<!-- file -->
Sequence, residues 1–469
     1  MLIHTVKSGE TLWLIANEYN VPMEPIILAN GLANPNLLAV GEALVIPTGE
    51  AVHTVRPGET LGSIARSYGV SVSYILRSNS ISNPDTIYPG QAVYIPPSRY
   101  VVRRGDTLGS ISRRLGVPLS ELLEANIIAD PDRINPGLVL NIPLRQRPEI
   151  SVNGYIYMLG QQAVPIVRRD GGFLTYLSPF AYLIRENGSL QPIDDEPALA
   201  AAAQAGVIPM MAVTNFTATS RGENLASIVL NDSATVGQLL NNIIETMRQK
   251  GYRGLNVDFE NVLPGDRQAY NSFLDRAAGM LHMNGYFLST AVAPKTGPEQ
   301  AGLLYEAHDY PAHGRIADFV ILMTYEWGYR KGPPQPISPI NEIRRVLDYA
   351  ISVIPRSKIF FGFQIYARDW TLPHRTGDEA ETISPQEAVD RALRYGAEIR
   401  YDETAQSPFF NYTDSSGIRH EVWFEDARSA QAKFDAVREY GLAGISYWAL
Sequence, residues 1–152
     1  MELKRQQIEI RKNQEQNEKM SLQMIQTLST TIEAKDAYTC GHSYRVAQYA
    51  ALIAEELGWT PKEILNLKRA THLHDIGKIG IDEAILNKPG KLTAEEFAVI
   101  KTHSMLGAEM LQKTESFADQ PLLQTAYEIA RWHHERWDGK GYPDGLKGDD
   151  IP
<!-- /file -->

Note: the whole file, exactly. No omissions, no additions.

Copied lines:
Sequence, residues 1–469
     1  MLIHTVKSGE TLWLIANEYN VPMEPIILAN GLANPNLLAV GEALVIPTGE
    51  AVHTVRPGET LGSIARSYGV SVSYILRSNS ISNPDTIYPG QAVYIPPSRY
   101  VVRRGDTLGS ISRRLGVPLS ELLEANIIAD PDRINPGLVL NIPLRQRPEI
   151  SVNGYIYMLG QQAVPIVRRD GGFLTYLSPF AYLIRENGSL QPIDDEPALA
   201  AAAQAGVIPM MAVTNFTATS RGENLASIVL NDSATVGQLL NNIIETMRQK
   251  GYRGLNVDFE NVLPGDRQAY NSFLDRAAGM LHMNGYFLST AVAPKTGPEQ
   301  AGLLYEAHDY PAHGRIADFV ILMTYEWGYR KGPPQPISPI NEIRRVLDYA
   351  ISVIPRSKIF FGFQIYARDW TLPHRTGDEA ETISPQEAVD RALRYGAEIR
   401  YDETAQSPFF NYTDSSGIRH EVWFEDARSA QAKFDAVREY GLAGISYWAL
Sequence, residues 1–152
     1  MELKRQQIEI RKNQEQNEKM SLQMIQTLST TIEAKDAYTC GHSYRVAQYA
    51  ALIAEELGWT PKEILNLKRA THLHDIGKIG IDEAILNKPG KLTAEEFAVI
   101  KTHSMLGAEM LQKTESFADQ PLLQTAYEIA RWHHERWDGK GYPDGLKGDD
   151  IP